Fireside ventures beyond D2C startups with new gameplan
After backing mostly consumer brands for over five years, including IPO-bound, , and , is now looking to invest in gaming firms. The Bengaluru-headquartered investment firm is studying the gaming sector and will soon evaluate startups in the segment, said a person familiar with the thinking at Fireside Ventures.
Particularly on its radar are gaming studios, publishers, and companies engaged in decentralised finance (DeFi) gaming. “These are early days and (Fireside Ventures) is studying and exploring the sector,” said this person, speaking on condition of anonymity. “Gaming has a huge opportunity in India. The plan is to build it as a vertical for the next 10 years.”
Fireside Ventures, an early-stage investor with a focus on digital-first consumer product brands, is expected to back gaming startups from its $225-million third fund that it closed in October.
To be clear, Fireside Ventures is not moving away from consumer brands. According to the person above, if Fireside invests in six to seven consumer brands in a year, a couple or more investments would likely be in gaming startups.
The gaming firms could also be used as a monetisation layer for Fireside’s consumer product portfolio, this person said.
“Fireside Ventures is always looking to invest in new areas of consumption, and digital consumption in the form of entertainment, which includes gaming, is becoming a preferred source of consumption across consumer cohorts globally as well as in India,” Shreyans Gangwal, Vice President at Fireside Ventures, said in an email response to queries from YourStory.
“We certainly want to back multiple strategies such as studios or new age platforms and publishing models that have the potential to create deeply localized games as well as build global gaming studios from India,” he said.
The gaming sector in India is in its early stages, with potential for significant growth. The gaming market in India was valued at $2.6 billion in FY2022 and is projected to be worth $8.6 billion by 2027, growing at a CAGR of 27%, according to a report by Lumikai, a gaming-focused investment firm.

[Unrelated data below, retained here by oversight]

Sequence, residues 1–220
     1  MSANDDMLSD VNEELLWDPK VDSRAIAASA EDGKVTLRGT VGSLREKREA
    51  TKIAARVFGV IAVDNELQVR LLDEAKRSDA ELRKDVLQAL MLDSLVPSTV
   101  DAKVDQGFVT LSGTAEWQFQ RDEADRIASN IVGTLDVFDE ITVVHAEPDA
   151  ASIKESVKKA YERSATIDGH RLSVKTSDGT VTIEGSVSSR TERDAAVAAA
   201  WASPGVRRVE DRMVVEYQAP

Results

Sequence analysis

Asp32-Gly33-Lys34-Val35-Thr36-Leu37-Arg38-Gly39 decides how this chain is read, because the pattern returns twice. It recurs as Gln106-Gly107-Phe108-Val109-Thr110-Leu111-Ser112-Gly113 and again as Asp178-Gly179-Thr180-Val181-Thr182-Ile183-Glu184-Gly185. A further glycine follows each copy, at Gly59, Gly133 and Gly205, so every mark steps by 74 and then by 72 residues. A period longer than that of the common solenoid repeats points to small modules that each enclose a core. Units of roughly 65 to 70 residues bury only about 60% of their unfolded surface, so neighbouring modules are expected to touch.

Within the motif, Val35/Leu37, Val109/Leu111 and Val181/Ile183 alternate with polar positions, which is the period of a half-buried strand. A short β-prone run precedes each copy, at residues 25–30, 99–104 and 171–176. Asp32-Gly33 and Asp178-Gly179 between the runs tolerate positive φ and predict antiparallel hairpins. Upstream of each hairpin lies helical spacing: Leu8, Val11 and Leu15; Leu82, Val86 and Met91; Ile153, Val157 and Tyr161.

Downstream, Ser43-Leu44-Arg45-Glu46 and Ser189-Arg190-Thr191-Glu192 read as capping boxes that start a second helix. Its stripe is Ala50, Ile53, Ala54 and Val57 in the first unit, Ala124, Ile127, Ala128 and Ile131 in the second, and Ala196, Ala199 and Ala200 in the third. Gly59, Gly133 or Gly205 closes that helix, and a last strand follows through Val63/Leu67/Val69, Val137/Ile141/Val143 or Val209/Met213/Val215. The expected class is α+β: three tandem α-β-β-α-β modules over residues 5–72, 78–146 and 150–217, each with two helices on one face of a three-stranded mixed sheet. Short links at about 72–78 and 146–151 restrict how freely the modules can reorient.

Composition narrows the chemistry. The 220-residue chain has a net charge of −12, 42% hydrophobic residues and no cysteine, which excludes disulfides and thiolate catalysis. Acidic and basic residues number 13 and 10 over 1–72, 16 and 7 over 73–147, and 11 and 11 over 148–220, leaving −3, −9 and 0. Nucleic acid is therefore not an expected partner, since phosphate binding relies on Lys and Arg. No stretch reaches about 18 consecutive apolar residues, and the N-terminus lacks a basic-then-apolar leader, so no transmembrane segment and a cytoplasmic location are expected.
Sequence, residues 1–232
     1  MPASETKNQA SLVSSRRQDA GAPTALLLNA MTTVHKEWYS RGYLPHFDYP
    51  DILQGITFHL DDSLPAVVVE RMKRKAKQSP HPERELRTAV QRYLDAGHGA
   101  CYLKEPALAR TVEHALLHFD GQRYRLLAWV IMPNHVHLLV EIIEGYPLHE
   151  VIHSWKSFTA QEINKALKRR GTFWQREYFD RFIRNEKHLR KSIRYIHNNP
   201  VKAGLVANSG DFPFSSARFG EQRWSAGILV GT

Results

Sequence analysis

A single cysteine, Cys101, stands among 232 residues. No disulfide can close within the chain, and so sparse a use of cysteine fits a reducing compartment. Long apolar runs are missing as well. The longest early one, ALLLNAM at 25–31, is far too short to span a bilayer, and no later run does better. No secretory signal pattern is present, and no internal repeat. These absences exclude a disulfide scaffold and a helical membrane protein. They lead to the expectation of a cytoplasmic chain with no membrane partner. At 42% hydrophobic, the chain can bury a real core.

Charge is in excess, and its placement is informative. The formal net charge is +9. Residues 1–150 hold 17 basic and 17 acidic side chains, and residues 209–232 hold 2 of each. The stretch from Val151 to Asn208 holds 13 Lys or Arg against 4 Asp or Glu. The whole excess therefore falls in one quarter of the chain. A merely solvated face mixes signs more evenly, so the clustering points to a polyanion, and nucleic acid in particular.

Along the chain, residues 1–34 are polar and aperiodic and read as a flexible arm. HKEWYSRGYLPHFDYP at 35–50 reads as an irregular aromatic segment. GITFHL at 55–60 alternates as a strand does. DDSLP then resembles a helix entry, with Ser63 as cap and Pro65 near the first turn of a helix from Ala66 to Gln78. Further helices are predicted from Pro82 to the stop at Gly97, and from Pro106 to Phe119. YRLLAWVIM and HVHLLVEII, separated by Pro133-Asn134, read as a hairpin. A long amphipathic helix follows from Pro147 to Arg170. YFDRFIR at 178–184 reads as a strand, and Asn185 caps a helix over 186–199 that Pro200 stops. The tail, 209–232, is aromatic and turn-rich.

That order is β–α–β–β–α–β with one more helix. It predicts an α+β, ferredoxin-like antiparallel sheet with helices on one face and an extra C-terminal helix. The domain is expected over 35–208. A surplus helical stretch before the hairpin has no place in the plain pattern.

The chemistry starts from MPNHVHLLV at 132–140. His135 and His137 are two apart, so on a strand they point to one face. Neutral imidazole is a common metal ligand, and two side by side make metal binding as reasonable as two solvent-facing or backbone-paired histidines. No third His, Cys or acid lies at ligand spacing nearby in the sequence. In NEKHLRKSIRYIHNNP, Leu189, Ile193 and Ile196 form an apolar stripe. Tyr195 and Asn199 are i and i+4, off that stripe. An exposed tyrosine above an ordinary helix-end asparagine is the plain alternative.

India is home to 507 million gamers, of whom 24% (121 million) are paying users, according to this report.
The pandemic-induced lockdown led to accelerated digital adoption in the country, driving people to spend more time and money online. This benefitted gaming companies immensely. In FY2022, India added 2 million new paying users every month, Lumikai said in its report.
Apart from the rise of the gaming community in the country, consumer brands are also embracing gamification as part of their marketing campaigns. Brands such as Swiggy, KFC, Louis Vuitton, and Tissot have been dabbling with gamification campaigns to boost consumer interest and sales.
Also, for a sector still considered to be emerging, there’s been significant action in terms of both investments and exits.
Lumikai (which backs Loco and Super Nova), Elevation Capital (which invested in Turnip and successfully exited from PlaySimple), and Kalaari Capital (which backs EloElo) are among the active investors in this space.
Sequoia Capital has backed fantasy sports firm Mobile Premier League (MPL) and Nazara Technologies, which listed on the stock exchanges in March 2021.
Elevation Capital invested $3.2 million in PlaySimple in 2016 at a valuation of $16 million, exiting when Swedish gaming giant Modern Times Group acquired the Bengaluru-based gaming developer startup for $360 million two years ago.
Considering these, Fireside Ventures may be a tad late to the sector, but domestic gaming still presents a significant growth opportunity.
“We are bullish on the entertainment and gaming sector, which has the potential to create standalone, financially viable, homegrown gaming brands from India,” said Shreyans.
Not without challenges
While the opportunities exist, the gaming sector, like any other emerging sector, has to contend with some stiff hurdles. Gaming development is a relatively new concept in India, particularly when compared with established markets such as China and the US. Game developers in the country are a young and nascent breed.
Therefore, building a good team of talent will take time, according to investors in the sector. Startups in the sector also need a good amount of capital before they can launch a product in the market, they said.
Regulators are also consistently evaluating the space and bringing in new rules. For instance, the GST Council is likely to levy 28% tax on the total amount of skill-based gaming platforms, up from 18% charged on gross gaming revenue.
In another instance, Google and Apple, on the government’s insistence, had to remove Krafton-backed BGMI and PUBG from their app stores amid data storage concerns.
The domestic gaming sector does have a few unicorns in Tiger Global-backed, Sequoia Capital-backed , and , which runs RummyCircle.
But these firms breached the billion-dollar valuation milestone and received financial backing during the pandemic-led investment rush. In the current environment, not many sectors or founders are able to attract capital.
Also,has been the only major listing from the sector, also during the pandemic. But the stock is down by more than 30% since its stellar public market debut in March 2021.
Edited by Swetha Kannan and Feroze Jamal